PROFILE. They may not make rock bands like they used to anymore, but then how do you explain Girls Guns and Glory? A group that seems to have arrived fully formed from some bygone epoch of country rock, the young Boston band’s Americana sound is rich with a maturity that is well beyond the reach of their years and the breadth of their experience. It’s a quality that a dusty, well-worn song like “Temptation” from their most recent release “Inverted Valentine” trumpets instantly in its opening salvo of mariachi horns and singer Ward Hayden’s golden honey and biting whiskey croon.
The latter is GGG’s not-so-secret weapon.
“I’ve got a lot of natural cracks and breaks to my voice,” says Hayden. “Most mornings I sound like a teenager until I’ve been awake for an hour.”
He says he used that cracky voice in his high school choir, where it was not as an appropriate a place for it as rock ‘n’ roll.
“They used to try to train me out of it, but breaking into my falsetto is just how my voice wants to flow,” he says. “I used to always think I’d be better suited for singing country music, but it wasn’t until my early twenties that country and Americana music really caught my ear. Since then I just fell in love with the sound. It’s how I hear the music and it’s much easier for me to sing with a twang and falsetto kind of style.”
Something about that singing style, not to mention the band’s backwoods roadhouse thump, caught the attention of label Lonesome Day Records out of Kentucky.
“Their founder happened to be in the audience at one of our gigs in Lexington, Kentucky,” says Hayden of the fortuitous meeting. “He approached us after the show, wanting to talk further. Long story short, he got in touch with our manager and after a few months of talking back and forth, they seemed like the right label for us at this time.”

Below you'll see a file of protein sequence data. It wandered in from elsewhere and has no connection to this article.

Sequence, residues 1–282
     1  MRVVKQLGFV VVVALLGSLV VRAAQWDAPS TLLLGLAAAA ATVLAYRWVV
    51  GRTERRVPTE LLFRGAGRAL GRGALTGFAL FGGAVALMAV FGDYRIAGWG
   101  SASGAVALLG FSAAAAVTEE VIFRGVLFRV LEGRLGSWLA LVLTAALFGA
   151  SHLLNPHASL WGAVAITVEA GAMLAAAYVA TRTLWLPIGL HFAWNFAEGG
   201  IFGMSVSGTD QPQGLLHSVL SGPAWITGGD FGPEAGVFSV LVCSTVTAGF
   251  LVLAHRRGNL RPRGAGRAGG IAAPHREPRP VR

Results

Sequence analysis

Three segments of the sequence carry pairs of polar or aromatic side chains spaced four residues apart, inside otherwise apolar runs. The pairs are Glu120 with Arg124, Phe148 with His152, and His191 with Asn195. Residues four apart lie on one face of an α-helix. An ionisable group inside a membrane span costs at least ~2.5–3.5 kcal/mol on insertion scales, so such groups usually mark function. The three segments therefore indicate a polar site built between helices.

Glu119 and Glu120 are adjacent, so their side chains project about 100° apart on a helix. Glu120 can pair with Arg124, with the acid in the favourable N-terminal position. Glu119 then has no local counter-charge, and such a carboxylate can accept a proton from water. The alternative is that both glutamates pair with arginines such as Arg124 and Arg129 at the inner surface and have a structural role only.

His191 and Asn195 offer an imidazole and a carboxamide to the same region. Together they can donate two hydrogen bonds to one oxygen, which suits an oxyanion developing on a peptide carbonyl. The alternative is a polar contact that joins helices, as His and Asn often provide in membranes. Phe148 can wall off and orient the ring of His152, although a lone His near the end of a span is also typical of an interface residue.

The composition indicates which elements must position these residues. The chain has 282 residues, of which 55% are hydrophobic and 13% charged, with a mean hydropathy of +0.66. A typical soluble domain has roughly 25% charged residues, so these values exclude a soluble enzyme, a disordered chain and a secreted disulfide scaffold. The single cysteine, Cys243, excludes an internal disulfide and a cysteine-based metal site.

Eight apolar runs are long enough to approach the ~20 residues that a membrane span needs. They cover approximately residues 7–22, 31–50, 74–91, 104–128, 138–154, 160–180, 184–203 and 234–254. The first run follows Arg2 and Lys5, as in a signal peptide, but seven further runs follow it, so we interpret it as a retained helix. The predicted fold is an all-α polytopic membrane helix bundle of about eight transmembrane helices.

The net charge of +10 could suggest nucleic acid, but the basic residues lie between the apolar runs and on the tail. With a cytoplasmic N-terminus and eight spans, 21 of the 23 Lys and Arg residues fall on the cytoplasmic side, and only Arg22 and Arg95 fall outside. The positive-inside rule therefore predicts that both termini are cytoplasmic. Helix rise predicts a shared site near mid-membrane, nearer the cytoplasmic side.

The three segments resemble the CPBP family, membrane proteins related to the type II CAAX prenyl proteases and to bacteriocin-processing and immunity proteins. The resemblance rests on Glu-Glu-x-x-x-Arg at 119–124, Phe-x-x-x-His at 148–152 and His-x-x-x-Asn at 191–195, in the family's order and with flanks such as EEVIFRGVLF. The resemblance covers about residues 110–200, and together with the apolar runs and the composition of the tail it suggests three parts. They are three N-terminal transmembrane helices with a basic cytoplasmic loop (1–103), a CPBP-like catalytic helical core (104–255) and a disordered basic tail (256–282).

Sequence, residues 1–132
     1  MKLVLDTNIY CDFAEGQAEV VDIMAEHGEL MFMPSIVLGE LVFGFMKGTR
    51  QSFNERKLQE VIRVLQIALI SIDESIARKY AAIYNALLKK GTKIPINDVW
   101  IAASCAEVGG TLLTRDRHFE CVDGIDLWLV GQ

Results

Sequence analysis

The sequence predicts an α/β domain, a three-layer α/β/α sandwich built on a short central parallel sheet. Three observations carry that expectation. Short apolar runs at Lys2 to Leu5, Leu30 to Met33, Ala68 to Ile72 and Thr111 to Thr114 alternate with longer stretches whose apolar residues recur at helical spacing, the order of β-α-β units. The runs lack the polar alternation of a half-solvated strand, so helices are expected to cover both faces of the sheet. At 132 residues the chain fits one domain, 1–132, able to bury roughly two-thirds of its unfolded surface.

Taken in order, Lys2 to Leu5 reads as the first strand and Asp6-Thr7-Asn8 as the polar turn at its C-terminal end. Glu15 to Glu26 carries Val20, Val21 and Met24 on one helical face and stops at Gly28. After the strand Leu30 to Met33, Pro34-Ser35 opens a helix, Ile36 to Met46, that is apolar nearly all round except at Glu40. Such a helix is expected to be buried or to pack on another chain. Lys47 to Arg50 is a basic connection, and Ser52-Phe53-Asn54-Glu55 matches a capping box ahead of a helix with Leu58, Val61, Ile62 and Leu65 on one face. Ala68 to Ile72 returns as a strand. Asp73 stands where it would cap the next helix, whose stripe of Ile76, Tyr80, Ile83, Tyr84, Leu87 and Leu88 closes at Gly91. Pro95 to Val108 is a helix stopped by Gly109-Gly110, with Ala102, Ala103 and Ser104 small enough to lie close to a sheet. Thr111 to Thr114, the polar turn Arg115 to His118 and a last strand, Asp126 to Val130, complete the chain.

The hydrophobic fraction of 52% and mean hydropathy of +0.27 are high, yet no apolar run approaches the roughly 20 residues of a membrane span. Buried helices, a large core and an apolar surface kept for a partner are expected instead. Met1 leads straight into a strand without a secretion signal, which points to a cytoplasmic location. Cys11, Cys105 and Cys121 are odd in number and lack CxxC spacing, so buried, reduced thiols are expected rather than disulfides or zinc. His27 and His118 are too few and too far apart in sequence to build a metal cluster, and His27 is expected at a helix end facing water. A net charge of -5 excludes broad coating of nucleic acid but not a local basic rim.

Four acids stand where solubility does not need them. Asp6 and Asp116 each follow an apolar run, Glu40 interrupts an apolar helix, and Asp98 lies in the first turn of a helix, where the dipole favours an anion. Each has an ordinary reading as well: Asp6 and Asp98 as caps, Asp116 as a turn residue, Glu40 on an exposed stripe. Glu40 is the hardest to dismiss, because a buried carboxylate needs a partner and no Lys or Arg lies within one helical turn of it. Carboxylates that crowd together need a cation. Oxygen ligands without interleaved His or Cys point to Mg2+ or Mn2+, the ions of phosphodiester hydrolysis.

Lonesome Day has plans to re-release “Inverted Valentine” early next year with national distribution. Soon thereafter the band begins work on the next album.
In the meantime, their increasingly busy touring schedule continues to ramp up with high profile dates like the Warren Hayes Christmas Jam in North Carolina alongside acts like Steve Earl, Gov’t Mule and the Allman Brothers Band. So far, the touring has been a series high with a few lows tossed in to keep things interesting, says Hayden.
“The increased touring has definitely helped make the band a lot tighter. When you’re on the road playing every night, sometimes doing two to three sets, it really gets you on the same musical page as the other guys in the band,” he says. “But, some of the drawbacks are that every now and again you find yourself in a small van with four guys that want to strangle each other over something silly, like ‘who has better sleeping arrangements’ or ‘who threw up in the van and won’t claim it?’ The latter only happened once, but the mystery is still unsolved.”
At this rate it won’t be long before they’ve achieved every band’s real dream: having someone on staff to clean up the throw up for them.